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Судебные дела / Зарубежная практика  / John A. and Geraldine C. Rudd v. Commissioner., United States Tax Court - Memorandum Decision, T.C. Memo. 1995-350, Docket No. 21794-93., Filed July 31, 1995

John A. and Geraldine C. Rudd v. Commissioner., United States Tax Court - Memorandum Decision, T.C. Memo. 1995-350, Docket No. 21794-93., Filed July 31, 1995

25.06.2008  

John A. and Geraldine C. Rudd v. Commissioner.

United States Tax Court - Memorandum Decision

T.C. Memo. 1995-350

Docket No. 21794-93.

Filed July 31, 1995.

John A. and Geraldine C. Rudd, pro se. Shuford A. Tucker, Jr. and Charles Pillitteri, for the respondent.

MEMORANDUM OPINION

COHEN, Judge: Respondent determined deficiencies of $10,937.72 and $2,303.00 in petitioners' Federal income taxes for 1990 and 1991, respectively. The sole issue for decision is whether petitioners timely filed an Election by a Small Business Corporation (Form 2553), electing S corporation status for Blackberry Patch of Tallahassee, Inc. (Blackberry Patch), for the years in issue. Unless otherwise indicated, all section references are to the Internal Revenue Code in effect for the years in issue.

Background

All of the facts have been stipulated, and the stipulated facts are incorporated as our findings by this reference. Petitioners resided in Tallahassee, Florida, at the time they filed their petition.

Prior to July 20, 1990, Blackberry Patch was operated as a sole proprietorship by petitioner Geraldine C. Rudd (Mrs. Rudd). Blackberry Patch was incorporated on July 20, 1990. The principal business of Blackberry Patch consists of manufacturing, processing, producing, and packing fruit preserves, jellies, jams, and related products. All of the stock of Blackberry Patch is owned by petitioners.

Mrs. Rudd is and has been the only director, president, and secretary/treasurer of Blackberry Patch. At the first meeting of the board of directors of Blackberry Patch, it was resolved that Blackberry Patch elect S corporation status and file Form 2553 with the Internal Revenue Service Center in Chamblee, Georgia. The president of Blackberry Patch was authorized to execute the Form 2553, and the Form 2553 was to be executed by petitioners as shareholders, reflecting their consent to the election. Petitioners intended to file the Form 2553 in time for the election to be effective for the first taxable year of Blackberry Patch, ending December 31, 1990.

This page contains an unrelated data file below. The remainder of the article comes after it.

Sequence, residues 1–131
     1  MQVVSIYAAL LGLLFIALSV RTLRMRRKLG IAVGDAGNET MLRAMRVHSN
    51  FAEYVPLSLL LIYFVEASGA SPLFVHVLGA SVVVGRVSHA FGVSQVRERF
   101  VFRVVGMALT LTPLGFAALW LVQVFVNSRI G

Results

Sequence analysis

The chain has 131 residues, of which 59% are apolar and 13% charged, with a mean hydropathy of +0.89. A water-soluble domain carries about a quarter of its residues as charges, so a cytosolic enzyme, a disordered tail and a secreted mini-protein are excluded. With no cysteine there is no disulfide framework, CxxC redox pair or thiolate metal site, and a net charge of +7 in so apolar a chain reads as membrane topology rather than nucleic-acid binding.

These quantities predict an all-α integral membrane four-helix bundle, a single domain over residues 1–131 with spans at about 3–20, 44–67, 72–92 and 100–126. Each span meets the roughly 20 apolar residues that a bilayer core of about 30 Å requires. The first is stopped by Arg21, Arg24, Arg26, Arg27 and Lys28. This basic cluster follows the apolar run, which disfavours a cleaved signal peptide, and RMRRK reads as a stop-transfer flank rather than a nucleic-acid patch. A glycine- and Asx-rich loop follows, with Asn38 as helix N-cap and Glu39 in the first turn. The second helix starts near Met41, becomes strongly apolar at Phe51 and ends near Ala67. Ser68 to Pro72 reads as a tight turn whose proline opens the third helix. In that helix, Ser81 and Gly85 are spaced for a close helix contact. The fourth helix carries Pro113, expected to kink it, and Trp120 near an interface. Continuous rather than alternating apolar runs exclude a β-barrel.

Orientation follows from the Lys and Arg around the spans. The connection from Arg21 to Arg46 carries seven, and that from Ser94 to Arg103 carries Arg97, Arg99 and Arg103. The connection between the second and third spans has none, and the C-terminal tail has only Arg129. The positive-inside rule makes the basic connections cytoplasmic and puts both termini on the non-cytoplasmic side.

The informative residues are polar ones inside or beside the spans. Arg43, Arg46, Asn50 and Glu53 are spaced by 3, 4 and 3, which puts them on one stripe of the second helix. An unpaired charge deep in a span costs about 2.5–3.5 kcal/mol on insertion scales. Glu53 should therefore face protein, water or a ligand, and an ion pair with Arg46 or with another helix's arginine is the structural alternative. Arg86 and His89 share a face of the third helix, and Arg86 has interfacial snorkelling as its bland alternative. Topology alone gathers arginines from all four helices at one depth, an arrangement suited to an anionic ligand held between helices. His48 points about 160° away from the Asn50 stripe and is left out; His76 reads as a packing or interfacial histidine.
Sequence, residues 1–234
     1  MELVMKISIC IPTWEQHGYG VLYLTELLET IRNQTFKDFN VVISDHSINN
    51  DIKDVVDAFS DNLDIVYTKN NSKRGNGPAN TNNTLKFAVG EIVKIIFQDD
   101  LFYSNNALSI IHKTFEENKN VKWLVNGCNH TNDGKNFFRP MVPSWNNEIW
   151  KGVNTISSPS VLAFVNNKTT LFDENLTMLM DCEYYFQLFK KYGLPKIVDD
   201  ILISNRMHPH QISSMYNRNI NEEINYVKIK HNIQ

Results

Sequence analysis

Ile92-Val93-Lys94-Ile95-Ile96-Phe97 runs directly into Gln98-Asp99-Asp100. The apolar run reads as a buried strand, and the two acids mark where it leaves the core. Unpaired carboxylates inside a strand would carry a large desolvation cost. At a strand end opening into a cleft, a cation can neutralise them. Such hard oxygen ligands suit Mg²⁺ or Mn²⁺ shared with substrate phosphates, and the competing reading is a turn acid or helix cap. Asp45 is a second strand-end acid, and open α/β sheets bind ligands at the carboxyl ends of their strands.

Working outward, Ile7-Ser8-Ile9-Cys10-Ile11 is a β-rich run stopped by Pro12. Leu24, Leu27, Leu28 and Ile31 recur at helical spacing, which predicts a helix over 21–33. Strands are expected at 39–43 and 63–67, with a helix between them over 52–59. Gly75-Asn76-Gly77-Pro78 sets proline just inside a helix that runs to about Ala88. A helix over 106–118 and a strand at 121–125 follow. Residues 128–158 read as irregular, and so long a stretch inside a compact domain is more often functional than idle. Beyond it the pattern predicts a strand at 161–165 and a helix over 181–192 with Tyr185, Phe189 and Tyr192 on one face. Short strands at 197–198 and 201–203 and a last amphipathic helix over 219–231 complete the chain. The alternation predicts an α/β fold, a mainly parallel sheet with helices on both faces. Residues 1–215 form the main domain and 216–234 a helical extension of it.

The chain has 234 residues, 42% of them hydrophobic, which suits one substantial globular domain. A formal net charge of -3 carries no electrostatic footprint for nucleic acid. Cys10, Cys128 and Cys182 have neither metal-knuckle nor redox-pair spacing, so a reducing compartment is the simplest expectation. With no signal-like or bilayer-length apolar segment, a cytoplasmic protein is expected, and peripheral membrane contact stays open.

Respondent did not receive a Form 2553 for Blackberry Patch on a timely basis for the election to be effective for either 1990 or 1991. Respondent eventually received a resubmitted Form 2553 for Blackberry Patch on a timely basis for the election to be effective for 1992 and subsequent taxable years. Petitioners were unfamiliar with corporate and tax law, and they relied on their attorney, Marion D. Lamb, III, and accountant, Terry F. Prince. Petitioners cannot recall whether they signed a Form 2553 or whether they mailed a Form 2553 to respondent in time for the election to be effective for 1990 or 1991. Regarding documents and materials relating to Blackberry Patch, petitioners simply signed whatever their attorney and accountant told them to sign.

Petitioners' accountant assumed that a Form 2553 was filed for Blackberry Patch based on the corporate minutes. Petitioners' attorney failed to respond to petitioners' attempts to contact him about the S corporation status of Blackberry Patch.

Petitioners filed joint Federal income tax returns for 1990 and 1991. On each return, they deducted on Schedule E losses attributed to Blackberry Patch. At the time that they filed their Federal income tax returns for 1990 and 1991, petitioners believed that a Form 2553 had been filed for Blackberry Patch.

Discussion

Sections 1361 through 1368 provide special rules for tax treatment of S corporations and their shareholders. Eligibility under those rules requires the filing of a valid election under section 1362.

Petitioners concede in the stipulation that they have no evidence that the Form 2553 that they believed was filed on behalf of Blackberry Patch in order to elect S corporation status for 1990 and 1991 was timely filed. In order to be effective, a Form 2553 must actually be filed. In the absence of proof of delivery to the Internal Revenue Service, no election can be recognized by the Court. See Mitchell Offset Plate Service, Inc. v. Commissioner [Dec. 29,829], 53 T.C. 235, 238-240 (1969); Pestcoe v. Commissioner [Dec. 26,095], 40 T.C. 195, 198 (1963); Leather v. Commissioner [Dec. 47,708(M)], T.C. Memo. 1991-534; Zalewski v. Commissioner [Dec. 44,941(M)], T.C. Memo. 1988-340.

Decision will be entered for respondent.

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